At risk of making you jealous, I recently went on a lovely mini-break to Berlin. The highlight of the weekend for me was going to an fantastic flea market on the Sunday attended by what appeared to be most of Berlin's under-40's. It was more than a flea market though, it was also a vintage fair, designer-maker handmade event and food market all rolled into one - heaven!!!
I was transfixed by the stall pictured at the top that sold handmade pants (knickers/undies) and vests (camisoles/singlets) in a rainbow of colours and eye-assault of patterns. The items in question are made in Berlin by the ethically-minded company Berlin Underwear. Even though I am more than capable of making my own pants and vests, I wanted to support their work and ethos so bought the beautiful pair pictured above.
I've found it really interesting looking at their cutting and construction method. They haven't used any elastic, instead used strips of jersey or dance-wear fabric with a high elastane content to form the leg holes and waistband. They have also used their overlocker on a setting that creates a stitch that is visible on the outside, I've totally forgotten what that technique/stitch is called though! Anyone?
Berlin Underwear's super colourful approach inspired me to get a teensy bit more creative and colourful with my own undies makery. I've found that recently some of my smaller pants no longer fit (which I'm hoping is the result of pregnancy rather than cake-intake!) plus the expansion of my belly and rib cage has had a similar effects with my vests, so I made a new set (pictured above). I used my free downloadable pants and vest patterns (of course!) for these. Normally I'd use the size 12 pants pattern if the fabric I was using had a decent elastane/lycra content, and the size 14 if the fabric didn't (e.g. if I were using an old mens T-shirt to make the pants). This time I went straight to the size 14 even though the fabrics I used were plenty stretchy.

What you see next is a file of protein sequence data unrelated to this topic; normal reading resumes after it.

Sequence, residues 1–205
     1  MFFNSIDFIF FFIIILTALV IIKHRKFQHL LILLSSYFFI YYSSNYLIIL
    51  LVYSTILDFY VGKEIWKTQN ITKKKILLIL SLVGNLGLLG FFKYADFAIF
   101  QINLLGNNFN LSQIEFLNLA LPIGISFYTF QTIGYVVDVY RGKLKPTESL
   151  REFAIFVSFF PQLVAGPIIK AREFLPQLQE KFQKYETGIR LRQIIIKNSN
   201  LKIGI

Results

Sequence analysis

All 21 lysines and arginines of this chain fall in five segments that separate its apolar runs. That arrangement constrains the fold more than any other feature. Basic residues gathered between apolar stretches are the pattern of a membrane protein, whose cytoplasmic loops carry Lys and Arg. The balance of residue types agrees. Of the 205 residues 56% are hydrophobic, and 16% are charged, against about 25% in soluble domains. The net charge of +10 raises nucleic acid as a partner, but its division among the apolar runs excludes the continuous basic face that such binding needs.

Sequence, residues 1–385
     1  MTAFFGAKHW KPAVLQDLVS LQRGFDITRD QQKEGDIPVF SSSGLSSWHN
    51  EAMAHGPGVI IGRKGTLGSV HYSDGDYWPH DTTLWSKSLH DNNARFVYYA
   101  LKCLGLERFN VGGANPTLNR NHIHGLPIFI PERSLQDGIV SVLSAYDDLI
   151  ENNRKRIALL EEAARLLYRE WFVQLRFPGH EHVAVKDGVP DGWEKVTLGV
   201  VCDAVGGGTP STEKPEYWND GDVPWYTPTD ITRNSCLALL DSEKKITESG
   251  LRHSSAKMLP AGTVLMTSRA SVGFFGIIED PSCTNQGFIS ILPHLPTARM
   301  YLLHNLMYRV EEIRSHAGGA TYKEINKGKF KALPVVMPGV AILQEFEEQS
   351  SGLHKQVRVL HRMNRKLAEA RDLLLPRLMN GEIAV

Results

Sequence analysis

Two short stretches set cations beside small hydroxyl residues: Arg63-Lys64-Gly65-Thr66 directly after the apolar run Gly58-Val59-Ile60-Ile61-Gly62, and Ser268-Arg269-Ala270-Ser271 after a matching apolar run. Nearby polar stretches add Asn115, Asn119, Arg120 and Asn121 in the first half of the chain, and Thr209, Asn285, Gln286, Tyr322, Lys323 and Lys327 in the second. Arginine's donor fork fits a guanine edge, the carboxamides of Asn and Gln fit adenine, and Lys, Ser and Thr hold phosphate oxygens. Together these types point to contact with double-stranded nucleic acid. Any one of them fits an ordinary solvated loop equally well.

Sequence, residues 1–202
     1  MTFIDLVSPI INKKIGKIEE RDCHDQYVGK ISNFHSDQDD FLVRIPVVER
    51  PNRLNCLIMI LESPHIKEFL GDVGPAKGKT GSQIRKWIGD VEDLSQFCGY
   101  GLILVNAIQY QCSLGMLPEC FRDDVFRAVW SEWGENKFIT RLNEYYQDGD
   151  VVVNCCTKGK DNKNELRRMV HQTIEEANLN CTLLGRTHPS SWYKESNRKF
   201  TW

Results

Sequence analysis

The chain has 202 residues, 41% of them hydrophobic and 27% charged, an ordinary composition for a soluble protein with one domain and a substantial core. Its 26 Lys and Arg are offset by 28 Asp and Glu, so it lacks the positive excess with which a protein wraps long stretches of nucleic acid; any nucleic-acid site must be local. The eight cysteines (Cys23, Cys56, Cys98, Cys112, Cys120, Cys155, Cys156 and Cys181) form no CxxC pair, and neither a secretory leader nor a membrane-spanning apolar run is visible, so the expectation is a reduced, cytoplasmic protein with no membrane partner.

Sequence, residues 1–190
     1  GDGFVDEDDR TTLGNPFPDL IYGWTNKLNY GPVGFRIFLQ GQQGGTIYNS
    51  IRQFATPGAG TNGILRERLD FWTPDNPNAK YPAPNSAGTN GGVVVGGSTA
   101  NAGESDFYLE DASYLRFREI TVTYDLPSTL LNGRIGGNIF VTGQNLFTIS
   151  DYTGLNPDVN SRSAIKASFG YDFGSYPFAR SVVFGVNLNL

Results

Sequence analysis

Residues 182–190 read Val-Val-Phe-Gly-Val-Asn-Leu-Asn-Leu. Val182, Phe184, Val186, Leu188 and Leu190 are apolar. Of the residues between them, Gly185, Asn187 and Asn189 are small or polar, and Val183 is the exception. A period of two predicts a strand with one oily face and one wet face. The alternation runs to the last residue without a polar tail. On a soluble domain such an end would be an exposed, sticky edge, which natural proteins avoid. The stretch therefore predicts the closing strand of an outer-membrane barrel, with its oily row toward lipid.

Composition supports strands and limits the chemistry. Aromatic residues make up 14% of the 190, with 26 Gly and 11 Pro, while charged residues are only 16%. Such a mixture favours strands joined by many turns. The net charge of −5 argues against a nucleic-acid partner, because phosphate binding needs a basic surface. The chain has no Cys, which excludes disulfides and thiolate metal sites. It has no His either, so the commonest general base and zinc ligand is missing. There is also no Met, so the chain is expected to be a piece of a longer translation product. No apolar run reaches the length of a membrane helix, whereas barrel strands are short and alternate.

Similarly, the vests I've made in the passed have been created using the size 12 vest pattern graded out to the size 14 around the hips. To accommodate my newly expanded form, I cut the size 14 at the top graded out to the size 16 around the belly and hips plus I added a couple of extra cms to the length. Most of my previously made pants and vests are still more than wearable so far, so I'm hoping I'm not going to need to make crap-loads of new sets before this baby decides to evacuate!
That said, I also made another set of pants from a scrap of this beautiful Liberty floral print jersey and matching grey-blue FOE (fold-over elastic) I had in my stash. This is such a lovely weighty jersey, these are now my favourite pants. I was careful not to pull on the FOE too much when applying it so the leg holes didn't end up too tight (something I find I've done with some of the pairs I've made in the past).
But don't think it's been all self-stitchery round these parts lately. Patty's pants collection was also in dire need of an update. I think I've finally perfected the fit, dimensions and construction method of the dude pants I've been making, and was able to make the two pairs (once again from Liberty jersey) pictured below in about an hour and a half.
The last pair were made using a small scrap of black striped jersey I'd had lurking in my stash for yonks. This time I used some grey camouflage print elastic, which I hope don't look too 'teenage boy'! As you can see, I cut the front and bum panels on the opposite grain so the stripes run vertically, because I isn't fancy trying to match stripes up on a pair of undies! Life is just too short, surely?!
If you are interested in making dude-pants for your own dude, all you need to do is snaffle away a pair of existing pants that they find comfy and trace a pattern from them. This is, of course, far easier to do if you 'decommission' that existing pair entirely and cut them up along the seam lines so you can trace around the panels. Don't forget to add seam allowance and hem allowance, and give yourself some extra cms around the waist for attaching the elastic. Whether or not you create an 'access window' in the front panel is up to you. Mr So Zo wasn't that bothered about having one of those so I haven't been arsed to figure out how to incorporate that into my pattern, but I'm sure it'd be easy enough to create of your dude wanted that.
Happy undies-making my friends!!!!